Dundee Marmalade was introduced to the commercial market by the firm of James Keiller of Dundee, at the beginning of the 19th century.
It is generally accepted that the Keillers went from the discovery of marmalade to a factory operation in a remarkably short time; such was the desire and profitability of this new, exotic – but still familiar – product. However, recent research has unearthed the more humble beginnings and arduous rise to profitability of the Keillers – and also discovered a story beset by jealousy and commercial fratricide.
Janet Keiller lived from about 1735 to 23 July 1813, owned a small sweet shop, specialising in selling jam and ‘boilings’, with fruit picked from the locality – namely the berry fields of Blairgowrie and the Carse of Gowrie.
Keiller’s Marmalade is said to have been the world’s first commercially produced marmalade. The traditional story about its origins is that John Keiller was in Dundee’s docks one day when he encountered a storm-bound Spanish ship trying to offload – in every sense of the word – a cargo of Seville oranges that were too bitter to eat, and as a result proving difficult to sell. John brought them for a good price, and Janet thought it would be worth trying them in an existing recipe she had for quince jam. Recipes for marmalade, even orange marmalade, already existed, but what set Janet Keiller’s apart from the rest was the inclusion of shreds of orange skin.
Indeed, the notion that Keiller invented marmalade from scratch is quite preposterous, especially as recipes for similar ‘pots’ have been traced back to the 1500s; what is more probable is that she, an experienced maker of sweets and jam, used her existing knowledge and new raw materials to put her own particular twist on an existing recipe and came up with the ‘chip’ marmalade we know.
Alex was an extremely hard-nosed businessman and, in an attempt to maximise profits and take advantage of the favourable tax conditions, he authorised the purchase of a small property in Guernsey – which capitalised on the lack of sugar duties and, whilst managed by his brother William, accounted for one third of the Keiller’s net output, although the Guernsey stock always carried the Dundee logo.
The move to Guernsey was also a direct attempt to service the south of England, a market which had gradually opened up to the Keiller’s over the years, but now was at danger from a growing list of competitors – especially as producing marmalade and jams could be easily done with little specialised equipment.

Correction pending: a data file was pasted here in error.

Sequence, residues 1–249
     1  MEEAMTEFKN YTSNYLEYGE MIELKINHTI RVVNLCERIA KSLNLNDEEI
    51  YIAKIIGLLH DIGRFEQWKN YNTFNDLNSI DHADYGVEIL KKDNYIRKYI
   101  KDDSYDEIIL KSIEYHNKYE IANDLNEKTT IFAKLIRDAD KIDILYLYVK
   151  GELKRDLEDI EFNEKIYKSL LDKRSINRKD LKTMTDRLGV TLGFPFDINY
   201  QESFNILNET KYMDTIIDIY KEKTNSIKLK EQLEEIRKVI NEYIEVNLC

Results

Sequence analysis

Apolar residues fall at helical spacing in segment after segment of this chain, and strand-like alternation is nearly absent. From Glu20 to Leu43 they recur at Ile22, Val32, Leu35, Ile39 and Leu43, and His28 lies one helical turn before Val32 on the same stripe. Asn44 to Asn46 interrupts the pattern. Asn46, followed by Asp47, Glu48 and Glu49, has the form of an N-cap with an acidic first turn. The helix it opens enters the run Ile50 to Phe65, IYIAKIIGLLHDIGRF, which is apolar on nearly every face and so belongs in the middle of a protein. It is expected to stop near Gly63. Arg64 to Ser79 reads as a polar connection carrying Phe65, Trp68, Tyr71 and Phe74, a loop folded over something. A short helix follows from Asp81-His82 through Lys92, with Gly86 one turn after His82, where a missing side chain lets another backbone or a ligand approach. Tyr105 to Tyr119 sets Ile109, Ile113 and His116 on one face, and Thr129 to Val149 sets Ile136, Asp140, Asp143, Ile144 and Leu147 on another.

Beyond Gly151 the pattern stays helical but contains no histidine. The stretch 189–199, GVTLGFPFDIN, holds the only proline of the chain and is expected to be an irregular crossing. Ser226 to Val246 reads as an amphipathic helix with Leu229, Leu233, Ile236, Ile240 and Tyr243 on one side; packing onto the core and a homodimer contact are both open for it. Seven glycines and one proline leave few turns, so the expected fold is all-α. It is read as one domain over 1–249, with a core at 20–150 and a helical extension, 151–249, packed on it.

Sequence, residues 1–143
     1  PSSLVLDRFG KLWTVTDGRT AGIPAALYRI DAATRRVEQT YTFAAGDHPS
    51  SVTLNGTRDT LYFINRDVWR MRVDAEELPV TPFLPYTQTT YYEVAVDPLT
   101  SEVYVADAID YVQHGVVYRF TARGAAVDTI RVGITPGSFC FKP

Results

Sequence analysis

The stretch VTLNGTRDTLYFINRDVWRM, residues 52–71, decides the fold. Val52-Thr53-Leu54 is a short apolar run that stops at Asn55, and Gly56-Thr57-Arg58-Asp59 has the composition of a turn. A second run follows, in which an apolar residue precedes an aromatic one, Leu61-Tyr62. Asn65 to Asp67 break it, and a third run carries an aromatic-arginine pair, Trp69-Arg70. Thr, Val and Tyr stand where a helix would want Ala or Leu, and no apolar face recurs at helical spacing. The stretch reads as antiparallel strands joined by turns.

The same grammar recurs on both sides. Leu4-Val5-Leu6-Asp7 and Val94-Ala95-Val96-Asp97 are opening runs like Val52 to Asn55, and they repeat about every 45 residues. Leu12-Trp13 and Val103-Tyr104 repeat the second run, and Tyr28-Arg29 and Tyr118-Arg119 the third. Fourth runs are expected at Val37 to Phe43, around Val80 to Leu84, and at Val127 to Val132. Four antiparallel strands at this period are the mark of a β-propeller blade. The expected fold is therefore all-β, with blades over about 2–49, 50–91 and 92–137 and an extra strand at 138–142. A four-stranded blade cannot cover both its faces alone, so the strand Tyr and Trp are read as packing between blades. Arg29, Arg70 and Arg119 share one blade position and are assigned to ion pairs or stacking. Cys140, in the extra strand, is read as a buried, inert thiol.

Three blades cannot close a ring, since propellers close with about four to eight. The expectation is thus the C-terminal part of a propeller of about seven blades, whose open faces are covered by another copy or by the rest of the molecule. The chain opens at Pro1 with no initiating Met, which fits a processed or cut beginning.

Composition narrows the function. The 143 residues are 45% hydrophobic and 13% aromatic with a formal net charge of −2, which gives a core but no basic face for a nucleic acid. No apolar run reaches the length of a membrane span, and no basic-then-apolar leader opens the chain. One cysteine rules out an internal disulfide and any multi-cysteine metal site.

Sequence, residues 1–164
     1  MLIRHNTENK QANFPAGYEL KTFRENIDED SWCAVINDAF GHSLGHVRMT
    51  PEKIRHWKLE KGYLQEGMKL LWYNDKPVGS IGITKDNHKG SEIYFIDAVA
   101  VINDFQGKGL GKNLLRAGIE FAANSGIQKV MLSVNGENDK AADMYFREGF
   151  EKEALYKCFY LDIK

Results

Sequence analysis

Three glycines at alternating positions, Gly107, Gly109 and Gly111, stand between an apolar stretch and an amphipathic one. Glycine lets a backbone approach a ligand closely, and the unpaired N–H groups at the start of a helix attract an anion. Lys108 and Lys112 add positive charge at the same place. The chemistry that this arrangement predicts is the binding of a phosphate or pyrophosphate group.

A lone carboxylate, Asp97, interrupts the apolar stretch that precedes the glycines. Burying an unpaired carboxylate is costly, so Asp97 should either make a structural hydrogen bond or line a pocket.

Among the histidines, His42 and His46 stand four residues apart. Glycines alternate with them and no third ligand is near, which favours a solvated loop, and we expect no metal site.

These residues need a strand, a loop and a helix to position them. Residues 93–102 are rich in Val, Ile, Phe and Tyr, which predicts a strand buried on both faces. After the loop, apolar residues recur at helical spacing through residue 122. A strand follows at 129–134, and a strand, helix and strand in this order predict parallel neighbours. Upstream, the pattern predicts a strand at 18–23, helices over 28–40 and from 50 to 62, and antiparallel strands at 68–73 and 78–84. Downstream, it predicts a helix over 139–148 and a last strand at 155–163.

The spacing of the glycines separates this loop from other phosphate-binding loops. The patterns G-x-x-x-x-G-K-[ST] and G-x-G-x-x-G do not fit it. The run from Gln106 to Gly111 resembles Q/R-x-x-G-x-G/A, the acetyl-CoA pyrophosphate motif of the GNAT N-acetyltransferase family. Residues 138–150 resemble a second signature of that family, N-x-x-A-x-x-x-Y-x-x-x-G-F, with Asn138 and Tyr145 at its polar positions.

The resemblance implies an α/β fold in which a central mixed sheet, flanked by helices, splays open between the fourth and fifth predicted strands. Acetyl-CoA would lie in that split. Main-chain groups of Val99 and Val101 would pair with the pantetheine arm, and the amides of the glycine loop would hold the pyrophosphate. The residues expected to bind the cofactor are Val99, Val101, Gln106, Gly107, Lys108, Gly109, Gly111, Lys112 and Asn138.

Alex Keiller fitted the stereotype of the paranoid tycoon perfectly, although to call him a tycoon possibly overstates his importance in the city of Dundee. In a city built around the jute industry, a sector that employed thousands, the Keiller’s small time operation was, by comparison, fairly insignificant.
The Keillers only employed approx. 300 people at their peak of production, which, when set against the 3200 that worked in Cox’s Lochee mill alone, it is evident that although their brand was growing at a quick rate, their impact on the local community was limited.
The Keillers did much for putting the city of Dundee on the national and international map, but within the city itself they were not recognised as the global brand that they were. Indeed, local historian Charles Maxwell stated in 1867 that “the Keillers’ operation was small and unimportant when compared with the jute and flax spinning”. Alex Keiller also appreciated that his business was small-time locally and could not compete with the larger spinning businesses in terms of wages, so used this as an added justification for opening the Guernsey arm of the operation.
Alex’s paranoia about rival businesses and his brother’s performance in the Channel Islands would undermine their own relationship and provide a sad end to what should be a success story. William, the appointed proprietor of the Channel Islands operation, was Alex’s younger sibling and lacked the business acumen of his older brother. A furious series of correspondence between the two highlighted their tensions and exposed a fractured relationship.
Alex, often dismayed with the lack of profitability recorded in Guernsey, constantly reprimanded his brother – for, on occasions, the poor quality of produce, slip-ups in packing which resulted in destroyed goods and, his biggest bugbear, the comparative lack of profitability when placed alongside his own Dundee-based operation. The Guernsey operation, with all its foibles, lasted until 1879 before being transferred to North Woolwich and brought back under the control of the Dundee plant.
The Keiller name continued to grow, and attracted outside investment well into the 20th Century. They built on their humble beginnings and traded off the notion – which still exists to this day – that Janet Keiller invented marmalade.